In retrospect, she’s more sanguine. “Sometimes men in the industry get insecure when confronted with an independent woman. They have to feel like…” (here she mimics someone flexing muscles and showing off) “...like they have to be in charge.
But underestimate Peggy Gou at your own risk. In 2016 she lit the internet up when she said in an interview, “I would like to be the youngest and first female Korean DJ that plays Berghain”. A little bit presumptuous, to paraphrase some of the responses on social media, but just months later she was ascending the elevator to Panorama Bar. It was her first gig with her agent, Ana Rosas, who remembers the occasion well. “She was totally in her zone, when the world disappears and you just do what you love. I’m feeling goosebumps right now, I was so impressed!” Peggy, on the other hand, was incredibly nervous – all the more so for being so much of a regular at the club that she’d even named the area she would stand in to dance every week ‘Peggy’s Zone’. After her set, she remembers, she was most pleased by a text from a friend who said it seemed like she’d been playing there for 20 years.
Later that evening, we’re at XOYO for another kind of Artwork – the third edition of Artwork’s 13-week residency at the club, to be exact, where she’s lined up to play alongside Arthur and Liverpool breakthrough star Or:la. Peggy arrives in a huge, fluffy pink hat and a long coat; Or:la, playing before her, gives her a huge hug and the two briefly chat before changing over.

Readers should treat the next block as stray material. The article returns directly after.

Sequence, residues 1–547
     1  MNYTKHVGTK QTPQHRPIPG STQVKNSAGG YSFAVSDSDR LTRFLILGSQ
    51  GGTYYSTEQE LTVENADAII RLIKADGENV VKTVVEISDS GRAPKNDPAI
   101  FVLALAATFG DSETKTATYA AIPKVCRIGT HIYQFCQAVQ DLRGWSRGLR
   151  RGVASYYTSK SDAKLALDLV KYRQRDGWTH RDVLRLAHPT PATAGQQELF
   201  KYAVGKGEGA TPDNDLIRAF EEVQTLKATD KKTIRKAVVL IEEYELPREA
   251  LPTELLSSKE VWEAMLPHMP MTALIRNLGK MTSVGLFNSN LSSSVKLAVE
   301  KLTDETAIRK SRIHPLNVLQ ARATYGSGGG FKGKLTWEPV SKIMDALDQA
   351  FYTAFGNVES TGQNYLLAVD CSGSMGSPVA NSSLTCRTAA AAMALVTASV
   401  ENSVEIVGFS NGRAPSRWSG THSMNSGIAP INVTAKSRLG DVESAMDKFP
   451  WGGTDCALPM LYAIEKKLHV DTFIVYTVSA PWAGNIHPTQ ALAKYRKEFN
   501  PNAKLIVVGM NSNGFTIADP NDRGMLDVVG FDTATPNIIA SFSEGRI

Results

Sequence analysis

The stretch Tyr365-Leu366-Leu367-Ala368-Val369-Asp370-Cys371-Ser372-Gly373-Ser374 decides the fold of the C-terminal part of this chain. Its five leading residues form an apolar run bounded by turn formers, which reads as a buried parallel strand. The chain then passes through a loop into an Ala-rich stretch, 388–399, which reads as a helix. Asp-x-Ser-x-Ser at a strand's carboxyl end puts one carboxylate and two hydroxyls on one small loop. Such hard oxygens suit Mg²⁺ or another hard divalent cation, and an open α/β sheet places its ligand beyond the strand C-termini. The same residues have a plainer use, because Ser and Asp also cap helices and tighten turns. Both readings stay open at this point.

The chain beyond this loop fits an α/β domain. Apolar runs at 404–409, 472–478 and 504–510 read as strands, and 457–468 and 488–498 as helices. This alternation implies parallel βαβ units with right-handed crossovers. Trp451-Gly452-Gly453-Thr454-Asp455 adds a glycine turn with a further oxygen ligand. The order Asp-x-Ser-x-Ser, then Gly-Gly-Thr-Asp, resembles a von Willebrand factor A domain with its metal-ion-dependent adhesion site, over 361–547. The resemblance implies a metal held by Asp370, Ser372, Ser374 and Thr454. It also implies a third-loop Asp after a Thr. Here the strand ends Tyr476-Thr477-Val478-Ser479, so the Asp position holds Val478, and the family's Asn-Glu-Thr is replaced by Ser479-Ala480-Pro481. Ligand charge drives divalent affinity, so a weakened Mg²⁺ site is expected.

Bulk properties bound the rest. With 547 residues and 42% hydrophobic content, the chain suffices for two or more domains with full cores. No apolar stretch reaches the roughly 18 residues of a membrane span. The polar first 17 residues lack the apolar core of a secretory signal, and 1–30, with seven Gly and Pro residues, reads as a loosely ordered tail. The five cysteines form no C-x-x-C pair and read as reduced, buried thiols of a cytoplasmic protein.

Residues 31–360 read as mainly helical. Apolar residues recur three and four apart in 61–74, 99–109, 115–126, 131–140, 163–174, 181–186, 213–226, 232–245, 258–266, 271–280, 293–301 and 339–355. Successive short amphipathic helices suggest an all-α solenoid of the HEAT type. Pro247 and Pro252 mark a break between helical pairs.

“The first time I was in Peggy’s company we were watching Pete Tong’s Heritage Orchestra at a festival. We didn’t know one another and weren’t properly introduced so it was pretty random,” Or:la says after the gig. They met properly during 2017’s Warehouse Project season and became proper friends, having shared lots of line-ups together. Now, they’re big supporters of each other’s productions.
Seconds later Artwork steps up to the microphone and introduces her: “Peggy fucking Gou!” The whole crowd roars back, “Peggy, Peggy, Peggy fucking Gou!” People often shout her name so loudly during her sets that you can barely even hear what she’s playing. Two hours of bumping house, gently landing acid and sprinkles of techno fly by. She regularly teases the low end in and out, getting the crowd even more worked up. When she plays one of her own tracks, ‘Six O Six’, a soft acid cut featuring her counting in Korean, a group of Asian fans at the side of the stage signal at her madly. “Every time I play there’s always Asian people,” explains Peggy. “They’re giving me high fives on every track and I’m like, you know what, I love the fact that you’re on my dancefloor, I’m proud!”